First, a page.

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Last updated on April 18, 2014 at 8:33 EDT

Latest Columbia University's Mailman School of Public Health Stories

2011-02-25 22:57:57

Nearly one in eleven (8.6%) preschool children in the U.S. has been diagnosed with asthma and in some inner city neighborhoods, the figure is closer to one in seven. But, few asthma management programs are designed for parents of preschool children. The Asthma Basics for Children (ABC) program, established by Columbia University's Mailman School of Public Health and a coalition of community service organizations, educators, parenting programs, and community pediatric providers, addressed this...

2011-02-10 14:57:37

Effects on IQ appear to be similar to lead exposure When the EPA phased out the widespread residential use of chlorpyrifos and other organophosphorus (OP) insecticides in 2000-2001 because of risks to child neurodevelopment, these compounds were largely replaced with pyrethroid insecticides. But the safety of these replacement insecticides remained unclear, as they had never been evaluated for long-term neurotoxic effects after low-level exposure. In the first study to examine the effects of...

2011-01-14 19:11:55

New study is the first randomized, controlled trial to show that early educational enrichment can bring improved health and healthier behaviors in early adulthood Intensive early education programs for low-income children have been shown to yield numerous educational benefits, but few studies have looked more broadly at their impact on health and health behaviors. A new study conducted by researchers at Columbia University's Mailman School of Public Health examines this issue, using data from...

2010-12-02 23:47:46

Despite the existence of effective programs for treating alcohol dependencies and disorders, less than a quarter of people who are diagnosed actually seek treatment. In a recent study by Columbia University's Mailman School of Public Health researchers report that people diagnosed with alcoholism at some point in their lifetime were more than 60% less likely to seek treatment if they believed they would be stigmatized once their status is known. This is the first study to address the underuse...

2010-09-30 14:47:57

12 percent of workers would choose to quit or retire rather than report for work Although first responders willingly put themselves in harm's way during disasters, new research indicates that they may not be as willing"” if the disaster is a potentially lethal pandemic. In a recent study, researchers at Columbia University's Mailman School of Public Health found that more than 50% of the first responders and other essential workers they surveyed might be absent from work during a...

2010-09-22 17:37:29

Bodegas near the schoolyard are likely sources of junk food for kids at risk for obesity Most studies of the food choices available near public schools have focused on fast food outlets rather than the full range of options available to schoolchildren. A new study by researchers at Columbia University's Mailman School of Public Health examined the patterns of exposure to a broad range of food outlets for school children in New York City. The study, "Disparities in the Food Environments of New...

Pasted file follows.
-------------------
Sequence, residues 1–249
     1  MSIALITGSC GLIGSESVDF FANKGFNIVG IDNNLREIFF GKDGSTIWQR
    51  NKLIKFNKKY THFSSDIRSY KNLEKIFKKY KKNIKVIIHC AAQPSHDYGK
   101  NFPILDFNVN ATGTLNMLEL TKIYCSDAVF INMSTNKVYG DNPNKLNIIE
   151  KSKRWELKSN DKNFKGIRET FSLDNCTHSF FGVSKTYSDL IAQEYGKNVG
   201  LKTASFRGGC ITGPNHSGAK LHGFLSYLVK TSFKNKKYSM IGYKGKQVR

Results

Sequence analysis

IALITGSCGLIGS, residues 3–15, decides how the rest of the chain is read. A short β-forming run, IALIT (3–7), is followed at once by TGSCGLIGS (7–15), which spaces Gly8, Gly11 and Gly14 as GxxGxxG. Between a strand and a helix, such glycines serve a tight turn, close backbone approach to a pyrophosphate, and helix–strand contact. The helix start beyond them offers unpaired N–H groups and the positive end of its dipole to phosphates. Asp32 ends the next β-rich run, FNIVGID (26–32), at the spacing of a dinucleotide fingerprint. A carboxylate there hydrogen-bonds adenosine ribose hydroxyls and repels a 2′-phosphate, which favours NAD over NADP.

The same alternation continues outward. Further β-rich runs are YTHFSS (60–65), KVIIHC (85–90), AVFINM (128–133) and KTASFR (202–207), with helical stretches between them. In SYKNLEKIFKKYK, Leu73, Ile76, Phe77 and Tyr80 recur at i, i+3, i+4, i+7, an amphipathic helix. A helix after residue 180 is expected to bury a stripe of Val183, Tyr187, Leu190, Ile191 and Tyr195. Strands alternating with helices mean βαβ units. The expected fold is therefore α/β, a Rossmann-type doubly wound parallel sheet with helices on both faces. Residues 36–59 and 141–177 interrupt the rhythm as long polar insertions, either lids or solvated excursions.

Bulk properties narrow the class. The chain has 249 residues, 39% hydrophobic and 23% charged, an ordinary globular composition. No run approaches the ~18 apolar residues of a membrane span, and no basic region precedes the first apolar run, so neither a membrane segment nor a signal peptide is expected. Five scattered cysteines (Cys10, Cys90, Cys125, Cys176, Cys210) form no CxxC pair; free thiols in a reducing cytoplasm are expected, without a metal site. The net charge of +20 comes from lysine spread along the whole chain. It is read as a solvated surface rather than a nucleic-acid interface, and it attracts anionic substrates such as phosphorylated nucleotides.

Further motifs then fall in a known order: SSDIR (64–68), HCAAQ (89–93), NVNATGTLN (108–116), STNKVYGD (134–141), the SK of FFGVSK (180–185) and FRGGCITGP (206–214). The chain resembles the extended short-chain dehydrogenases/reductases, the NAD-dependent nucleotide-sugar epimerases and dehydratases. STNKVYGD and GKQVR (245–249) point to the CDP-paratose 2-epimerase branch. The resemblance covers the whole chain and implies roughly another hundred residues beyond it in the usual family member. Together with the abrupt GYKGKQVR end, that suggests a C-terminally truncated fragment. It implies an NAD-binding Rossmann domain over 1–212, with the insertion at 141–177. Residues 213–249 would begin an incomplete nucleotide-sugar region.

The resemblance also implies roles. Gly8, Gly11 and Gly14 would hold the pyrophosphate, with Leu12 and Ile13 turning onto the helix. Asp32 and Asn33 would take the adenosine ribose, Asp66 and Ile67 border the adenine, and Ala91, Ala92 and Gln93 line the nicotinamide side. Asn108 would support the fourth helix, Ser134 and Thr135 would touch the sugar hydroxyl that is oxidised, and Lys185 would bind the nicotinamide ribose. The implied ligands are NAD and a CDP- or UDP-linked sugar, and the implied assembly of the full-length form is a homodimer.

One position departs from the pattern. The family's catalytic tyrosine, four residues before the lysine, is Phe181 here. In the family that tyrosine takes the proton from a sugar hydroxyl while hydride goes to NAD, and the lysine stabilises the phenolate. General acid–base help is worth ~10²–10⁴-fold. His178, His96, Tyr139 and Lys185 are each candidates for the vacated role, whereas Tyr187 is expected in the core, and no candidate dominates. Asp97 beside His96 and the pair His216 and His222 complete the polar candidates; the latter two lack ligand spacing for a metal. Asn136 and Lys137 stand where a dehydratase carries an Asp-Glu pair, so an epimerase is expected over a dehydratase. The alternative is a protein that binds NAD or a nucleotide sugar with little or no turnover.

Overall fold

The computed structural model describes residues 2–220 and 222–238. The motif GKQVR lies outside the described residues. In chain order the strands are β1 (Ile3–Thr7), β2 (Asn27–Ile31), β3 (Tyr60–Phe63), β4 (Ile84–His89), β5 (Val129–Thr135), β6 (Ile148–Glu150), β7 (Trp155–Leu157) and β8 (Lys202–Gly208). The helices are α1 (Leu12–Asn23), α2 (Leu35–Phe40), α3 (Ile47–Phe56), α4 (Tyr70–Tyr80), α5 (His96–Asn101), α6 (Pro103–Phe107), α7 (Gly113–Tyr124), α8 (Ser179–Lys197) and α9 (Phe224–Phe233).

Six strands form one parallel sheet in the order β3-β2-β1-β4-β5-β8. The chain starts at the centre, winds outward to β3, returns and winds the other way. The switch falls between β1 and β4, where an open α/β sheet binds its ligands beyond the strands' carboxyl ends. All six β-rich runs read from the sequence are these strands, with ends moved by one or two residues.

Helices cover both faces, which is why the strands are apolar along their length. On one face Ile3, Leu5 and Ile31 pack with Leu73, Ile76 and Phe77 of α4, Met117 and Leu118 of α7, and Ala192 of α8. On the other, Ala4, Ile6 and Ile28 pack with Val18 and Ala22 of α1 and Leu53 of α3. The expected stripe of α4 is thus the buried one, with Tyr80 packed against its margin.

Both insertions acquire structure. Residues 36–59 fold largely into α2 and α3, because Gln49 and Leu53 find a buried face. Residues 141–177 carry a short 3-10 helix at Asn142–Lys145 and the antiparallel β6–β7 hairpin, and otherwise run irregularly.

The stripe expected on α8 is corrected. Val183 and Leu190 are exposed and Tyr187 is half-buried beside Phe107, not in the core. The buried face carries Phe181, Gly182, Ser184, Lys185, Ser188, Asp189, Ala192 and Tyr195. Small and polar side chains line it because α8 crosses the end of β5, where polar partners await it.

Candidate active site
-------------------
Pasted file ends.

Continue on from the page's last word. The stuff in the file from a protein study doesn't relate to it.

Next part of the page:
2010-08-23 13:10:40

60 percent of children -- as many as 20,000 -- displaced by Katrina either have serious emotional disorders, behavioral issues and/or are experiencing significant housing instability Five years ago Hurricane Katrina and the flooding of New Orleans caused the evacuation of 1.5 million Gulf Coast residents. After a year, 500,000 people remained displaced, many residing in highly transitional shelters, including the notorious FEMA trailer parks. Now at the five-year mark, substantial...

2010-06-23 00:58:05

Effective brain function depends on the efficient signaling from one neuron to the next, a lightning-fast process that depends on a quick release of neurotransmitters at synapses. Exposure to lead during early childhood and even later in life has long been known to affect the release of these critical neurotransmitters. However, the precise mechanism by which lead ions (Pb2+) impair this process has remained unknown. A new study led by Tomás Guilarte, PhD, chair of Environmental Health...

2010-05-04 13:42:07

A study by researchers at Columbia University's Mailman School of Public Health suggests that traumatic experiences "biologically embed" themselves in select genes, altering their functions and leading to the development of post-traumatic stress disorder (PTSD). "Our findings suggest a new biological model of PTSD in which alteration of genes, induced by a traumatic event, changes a person's stress response and leads to the disorder," said Sandro Galea, MD, professor and chair of the...

2010-02-04 23:21:02

First study to demonstrate association between asthma and acetaminophen is linked to gene involved in detoxification of foreign substances Children who were exposed to acetaminophen prenatally were more likely to have asthma symptoms at age five in a study of 300 African-American and Dominican Republic children living in New York City. Building on prior research showing an association between both prenatal and postnatal acetaminophen and asthma, this is the first study to demonstrate a direct...